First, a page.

Food for Thought: Check your spending habits! How often are you purchasing the single-use items listed above? Challenge yourself one-at-time to cut back on how often you use these products with the tips I’ve provided. Trust me – it works. The last package of paper towels that we bought from Costco lasted us over a year!
Part 3: Reuse and Regrow Food Scraps
We often think of vegetable peels and stalks as inevitable food waste, but there are creative ways of using these that don’t require a green thumb.
The parts of veggies that are edible but that are recommended to be removed for whatever reason – the stalks of kale, cauliflower and broccoli, the greenest parts of leeks, mushroom stalks on certain mushrooms – can all be reserved for making soups and stews!
Beet, radish, and carrot greens can be finely chopped and added to soups and stews. Although, my favorite way to prepare them is by sautéing them with a bit of onion, garlic and spritz of either lemon juice or your favorite vinegar. Serve these as a bed of greens to plate your pasta upon for an added boost of vegetables and antioxidants.
One thing that I love to cook with is broth. It can add instant flavour to whole grains, or thin out a recipe without diluting the flavor. But this is another thing that we can easily make ourselves with a bit of pre-planning, and then freeze it. While most people are familiar with making chicken broth and bone broth, you can also make a delicious veggie broth using vegetables peels and scraps, along with either stems from fresh herbs or dried herbs you have on hand.
You’ll want to make sure that you wash everything before using it! So even something like onions and garlic that we wouldn’t typically wash, give them a rinse if you would like to use them in your veggie scrap broth. Here are some examples of what you can include:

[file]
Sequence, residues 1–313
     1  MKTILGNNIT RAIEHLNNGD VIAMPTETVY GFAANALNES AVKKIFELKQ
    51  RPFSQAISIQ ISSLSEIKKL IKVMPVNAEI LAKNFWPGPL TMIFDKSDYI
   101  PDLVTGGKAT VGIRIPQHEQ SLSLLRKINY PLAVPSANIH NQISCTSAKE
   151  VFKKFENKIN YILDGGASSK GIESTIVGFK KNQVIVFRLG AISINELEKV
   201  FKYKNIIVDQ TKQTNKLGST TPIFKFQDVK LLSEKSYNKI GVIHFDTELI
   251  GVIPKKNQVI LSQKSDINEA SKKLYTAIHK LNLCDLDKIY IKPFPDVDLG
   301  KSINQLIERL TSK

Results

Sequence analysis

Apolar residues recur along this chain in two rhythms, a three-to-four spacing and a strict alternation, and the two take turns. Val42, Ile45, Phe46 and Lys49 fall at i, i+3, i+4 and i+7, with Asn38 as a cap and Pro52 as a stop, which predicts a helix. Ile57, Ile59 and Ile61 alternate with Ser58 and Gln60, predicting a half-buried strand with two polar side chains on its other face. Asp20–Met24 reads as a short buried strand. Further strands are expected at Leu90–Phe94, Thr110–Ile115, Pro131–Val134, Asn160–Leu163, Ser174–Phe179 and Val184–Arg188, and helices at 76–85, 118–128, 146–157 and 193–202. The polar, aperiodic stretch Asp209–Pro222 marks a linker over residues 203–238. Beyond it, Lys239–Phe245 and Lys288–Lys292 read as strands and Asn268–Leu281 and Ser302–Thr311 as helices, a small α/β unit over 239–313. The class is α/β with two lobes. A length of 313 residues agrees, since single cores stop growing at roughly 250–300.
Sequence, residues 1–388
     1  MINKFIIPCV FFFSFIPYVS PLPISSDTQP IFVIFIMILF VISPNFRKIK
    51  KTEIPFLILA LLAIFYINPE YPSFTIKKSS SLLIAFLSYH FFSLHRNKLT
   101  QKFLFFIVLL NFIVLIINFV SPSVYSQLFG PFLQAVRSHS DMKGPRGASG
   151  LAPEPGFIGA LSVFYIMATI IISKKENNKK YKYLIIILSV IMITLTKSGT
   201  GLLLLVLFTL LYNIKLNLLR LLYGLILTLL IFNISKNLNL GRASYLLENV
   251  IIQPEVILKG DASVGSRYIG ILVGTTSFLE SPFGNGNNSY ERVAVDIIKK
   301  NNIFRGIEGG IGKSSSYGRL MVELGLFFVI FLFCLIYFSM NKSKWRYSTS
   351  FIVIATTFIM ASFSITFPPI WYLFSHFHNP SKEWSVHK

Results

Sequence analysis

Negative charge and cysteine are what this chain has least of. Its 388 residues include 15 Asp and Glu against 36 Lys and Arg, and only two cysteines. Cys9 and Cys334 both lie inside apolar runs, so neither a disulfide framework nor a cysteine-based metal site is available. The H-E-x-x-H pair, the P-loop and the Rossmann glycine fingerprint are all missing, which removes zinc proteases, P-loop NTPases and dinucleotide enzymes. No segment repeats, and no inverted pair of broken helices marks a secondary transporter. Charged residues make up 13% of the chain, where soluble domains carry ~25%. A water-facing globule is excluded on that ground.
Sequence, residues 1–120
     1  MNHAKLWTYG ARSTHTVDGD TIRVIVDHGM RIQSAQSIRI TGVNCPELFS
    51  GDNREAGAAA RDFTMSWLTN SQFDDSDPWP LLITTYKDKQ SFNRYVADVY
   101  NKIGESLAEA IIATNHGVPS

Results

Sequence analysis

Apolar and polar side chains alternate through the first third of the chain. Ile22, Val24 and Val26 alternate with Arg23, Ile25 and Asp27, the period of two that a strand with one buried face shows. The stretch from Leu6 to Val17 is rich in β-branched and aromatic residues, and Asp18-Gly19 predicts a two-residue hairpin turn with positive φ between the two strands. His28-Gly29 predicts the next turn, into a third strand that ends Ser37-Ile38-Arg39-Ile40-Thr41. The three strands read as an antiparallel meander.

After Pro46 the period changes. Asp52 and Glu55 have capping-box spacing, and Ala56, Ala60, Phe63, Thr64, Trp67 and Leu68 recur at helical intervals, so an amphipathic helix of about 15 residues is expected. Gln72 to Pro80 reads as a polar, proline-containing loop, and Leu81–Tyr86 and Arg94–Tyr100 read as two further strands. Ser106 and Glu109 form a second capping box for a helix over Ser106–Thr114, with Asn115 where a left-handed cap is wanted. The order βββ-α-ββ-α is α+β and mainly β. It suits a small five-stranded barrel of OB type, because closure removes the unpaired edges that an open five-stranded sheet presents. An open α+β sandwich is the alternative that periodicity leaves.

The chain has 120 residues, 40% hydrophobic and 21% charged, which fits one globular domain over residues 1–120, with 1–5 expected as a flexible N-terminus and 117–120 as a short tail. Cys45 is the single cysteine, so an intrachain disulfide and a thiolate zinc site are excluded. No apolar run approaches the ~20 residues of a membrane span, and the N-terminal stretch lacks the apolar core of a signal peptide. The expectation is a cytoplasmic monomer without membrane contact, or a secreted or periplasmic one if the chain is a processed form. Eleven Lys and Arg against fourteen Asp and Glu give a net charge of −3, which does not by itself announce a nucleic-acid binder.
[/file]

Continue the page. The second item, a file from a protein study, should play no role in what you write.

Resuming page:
- Onion or shallot peels, leek greens, green onion bottoms, garlic peels and leftover garlic flesh from the garlic press
- Potato, sweet potato, and carrot peels
- Stems from parsley, cilantro, thyme, rosemary, any fresh herb!
- Celery greens
- Squash rinds
- Bell pepper cores (with the seeds)
- Mushroom stems
Scraps from the members of the brassica family – broccoli, kale, cauliflower, cabbage, turnip, etc. – and hot peppers will add a bitter taste to your broth, so I would skip these ones.
Another great way to stretch your budget a little further is by regrowing certain vegetables from scraps! You simply keep the end where their roots are or were, and instead of throwing it out – regrow it!
Some great veggies to do this with are:
- Green onions grow great in water or soil
- Celery will grow roots when placed in an inch or so of water, and then once roots have formed you can plant in soil
- Romaine lettuce will grow back with just water. Use some toothpicks to suspend the root end in water and watch your lettuce sprout new leaves.
- Ginger that has produced sprouts can be place in a pot with the new shoot facing up. After a few months you will have a fresh supply of ginger. You can then freeze grated ginger for use in recipes.
- Fresh herbs can be propagated from cuttings in water and planted, or simply place in water and they will continue to grow once new roots have formed.
You may ask, can you regrow the same vegetable more than once? The answer is technically yes, but I find that when you do this more than once the flavor of the vegetables decrease, especially when regrowing in only water. You can purchase some liquid plant food if you would really like to commit to regrowing everything you can. For myself, I find regrowing it once takes hardly any work so that is about all the time and effort that I’m willing to invest.
And as always, anything you can grow yourself will help! As days get longer and the sun gets stronger, there are many things that can be grown in pots close to a window or on an outside patio.
Food for Thought: What is something that you eat on a regular basis that you wish you could grow yourself? Or, are there certain ingredients that you would use more if they weren’t so expensive or perishable? Consider the space that you have a find solutions for growing a few things yourself.
Need help cutting back on food waste? Want to create a more sustainable diet and kitchen space? Dietitian Gabby can help! Book an appointment today.